Climate change policy is back in the nation’s headlines, and you, as a farmer, could benefit by taking a look at its implications for your operation. It might also be appropriate to respond to the potential threat of climate change, even if you’re not fully convinced it will be a problem.
For some time, climate change models have projected the average temperature worldwide will increase for the next several decades. At the same time, there will be greater temperature and precipitation variability in most regions of the world. The predicted impacts have already begun. As California faces a fourth straight year of drought, farmers are struggling to have enough water to keep their operations going.
For many years, some farm groups have embraced the notion that higher concentrations of carbon dioxide in the atmosphere would actually benefit farmers. Through a process known as the carbon fertilization effect, greater biomass growth would lead to higher yields for certain types of crops, such as rice, wheat and soybeans. However, after extensive research, it’s clear higher carbon dioxide concentration will occur at the same time as higher temperatures and more variable precipitation. Those factors coupled with limiting plant nutrients means the net impact on crop yields from climate change will likely be negative.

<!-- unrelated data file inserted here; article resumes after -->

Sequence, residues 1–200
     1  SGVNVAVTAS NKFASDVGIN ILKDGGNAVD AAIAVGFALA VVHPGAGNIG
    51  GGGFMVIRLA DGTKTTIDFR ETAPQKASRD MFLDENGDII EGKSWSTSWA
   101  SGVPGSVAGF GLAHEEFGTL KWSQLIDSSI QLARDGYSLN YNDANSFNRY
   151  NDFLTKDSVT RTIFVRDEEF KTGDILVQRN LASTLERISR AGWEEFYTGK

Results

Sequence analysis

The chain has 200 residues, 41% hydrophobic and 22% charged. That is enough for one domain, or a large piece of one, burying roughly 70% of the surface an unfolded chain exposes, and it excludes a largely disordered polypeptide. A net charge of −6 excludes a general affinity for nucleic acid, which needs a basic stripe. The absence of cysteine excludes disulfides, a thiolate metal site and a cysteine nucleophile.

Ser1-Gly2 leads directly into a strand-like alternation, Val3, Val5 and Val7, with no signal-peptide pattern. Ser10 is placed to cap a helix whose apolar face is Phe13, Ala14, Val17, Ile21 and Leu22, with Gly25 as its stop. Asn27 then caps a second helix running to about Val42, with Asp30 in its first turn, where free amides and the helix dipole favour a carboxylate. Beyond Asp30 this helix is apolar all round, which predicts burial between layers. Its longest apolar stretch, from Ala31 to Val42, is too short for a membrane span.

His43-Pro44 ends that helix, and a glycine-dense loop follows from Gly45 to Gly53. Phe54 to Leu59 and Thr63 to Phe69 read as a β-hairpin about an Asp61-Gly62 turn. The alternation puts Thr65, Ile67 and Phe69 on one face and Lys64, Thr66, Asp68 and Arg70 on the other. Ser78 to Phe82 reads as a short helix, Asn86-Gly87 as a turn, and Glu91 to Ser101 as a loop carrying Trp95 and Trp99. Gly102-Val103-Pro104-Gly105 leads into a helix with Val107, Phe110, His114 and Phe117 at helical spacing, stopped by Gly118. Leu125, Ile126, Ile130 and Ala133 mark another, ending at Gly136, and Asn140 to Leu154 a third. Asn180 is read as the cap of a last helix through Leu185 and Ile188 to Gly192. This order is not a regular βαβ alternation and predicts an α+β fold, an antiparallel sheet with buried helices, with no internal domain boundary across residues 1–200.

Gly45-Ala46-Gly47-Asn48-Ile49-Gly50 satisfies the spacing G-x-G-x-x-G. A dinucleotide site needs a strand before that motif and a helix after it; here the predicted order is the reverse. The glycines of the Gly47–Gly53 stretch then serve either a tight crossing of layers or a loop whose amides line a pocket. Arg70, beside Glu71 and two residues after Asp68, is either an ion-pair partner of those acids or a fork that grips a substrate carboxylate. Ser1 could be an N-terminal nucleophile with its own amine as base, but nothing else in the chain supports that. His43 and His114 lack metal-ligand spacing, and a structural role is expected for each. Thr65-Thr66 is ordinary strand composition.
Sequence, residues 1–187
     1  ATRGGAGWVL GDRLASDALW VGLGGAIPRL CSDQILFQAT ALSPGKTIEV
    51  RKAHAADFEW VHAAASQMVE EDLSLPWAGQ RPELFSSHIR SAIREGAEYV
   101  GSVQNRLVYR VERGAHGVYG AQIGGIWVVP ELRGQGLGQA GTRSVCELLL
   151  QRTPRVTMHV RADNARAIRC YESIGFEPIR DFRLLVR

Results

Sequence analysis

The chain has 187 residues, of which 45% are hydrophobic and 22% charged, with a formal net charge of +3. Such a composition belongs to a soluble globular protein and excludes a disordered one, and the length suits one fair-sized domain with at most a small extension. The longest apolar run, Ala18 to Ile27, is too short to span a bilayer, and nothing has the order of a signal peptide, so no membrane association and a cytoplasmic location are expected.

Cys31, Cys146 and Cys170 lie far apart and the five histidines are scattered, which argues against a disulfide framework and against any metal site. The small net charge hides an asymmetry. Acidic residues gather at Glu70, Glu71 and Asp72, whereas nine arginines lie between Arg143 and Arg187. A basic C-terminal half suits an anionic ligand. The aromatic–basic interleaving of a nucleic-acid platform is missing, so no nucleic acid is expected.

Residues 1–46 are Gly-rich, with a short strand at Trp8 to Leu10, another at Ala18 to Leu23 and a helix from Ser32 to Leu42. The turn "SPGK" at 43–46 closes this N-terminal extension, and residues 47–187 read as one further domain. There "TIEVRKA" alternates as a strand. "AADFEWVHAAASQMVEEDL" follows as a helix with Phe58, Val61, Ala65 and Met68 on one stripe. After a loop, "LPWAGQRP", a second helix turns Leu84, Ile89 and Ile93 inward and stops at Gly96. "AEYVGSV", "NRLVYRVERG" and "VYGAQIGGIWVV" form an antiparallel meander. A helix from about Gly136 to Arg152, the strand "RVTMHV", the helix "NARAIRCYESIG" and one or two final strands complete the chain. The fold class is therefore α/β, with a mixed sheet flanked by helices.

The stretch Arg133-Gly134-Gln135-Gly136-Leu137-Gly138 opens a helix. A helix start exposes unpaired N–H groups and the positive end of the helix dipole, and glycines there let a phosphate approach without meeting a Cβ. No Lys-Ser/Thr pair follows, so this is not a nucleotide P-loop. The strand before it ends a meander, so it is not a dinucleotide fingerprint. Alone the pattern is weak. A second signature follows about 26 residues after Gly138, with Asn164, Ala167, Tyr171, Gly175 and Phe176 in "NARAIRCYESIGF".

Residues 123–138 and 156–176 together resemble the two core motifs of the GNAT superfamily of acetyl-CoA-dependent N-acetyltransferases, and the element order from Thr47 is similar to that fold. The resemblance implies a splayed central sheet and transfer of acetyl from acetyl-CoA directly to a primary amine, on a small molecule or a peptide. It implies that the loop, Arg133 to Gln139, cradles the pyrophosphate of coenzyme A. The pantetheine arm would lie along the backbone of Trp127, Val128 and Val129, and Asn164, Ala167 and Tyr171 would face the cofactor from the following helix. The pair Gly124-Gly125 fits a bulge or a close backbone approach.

In addition to the ability to improve their economic bottom line through the federal crop insurance program and conservation practices, a full-blown effort to address climate change in the U.S. would likely include carbon offset trading. This would create an opportunity for farmers to monetize their practices and increase the carbon content of their soil or reduce emissions of greenhouse gases. Although no national system is in place, California (in partnership with the Canadian province of Quebec) has a cap and trade structure that allows livestock and dairy farmers with methane digesters to sell their reduced emissions as an offset. In June 2015, the California Air Resources Board added a similar opportunity for rice farmers.
Farmers have an opportunity to be major players in the renewable energy/fuels sector, which will need to expand in the U.S. if it’s going to significantly reduce the use of fossil fuels such as coal and oil. Farmers grow the majority of the feedstock to produce ethanol and biodiesel and are partnering with energy firms to build wind turbines and solar panels.
Agriculture could face higher energy prices if President Barack Obama’s Clean Power Plan (CPP) to reduce greenhouse gas emissions from power plants is implemented. The CPP, proposed on Aug. 3, will create incentives for biomass electric power. Farmers could minimize exposure to higher energy costs through energy efficiency improvements.
There would also be opportunities for farmers to offset some of those costs, especially if other states follow California’s example and establish carbon markets. It’s also clear if the U.S. fails to take part in a concerted global effort to combat climate change, it would cost agriculture as flooded fields and drought-stricken crops would become even more common occurrences in the future.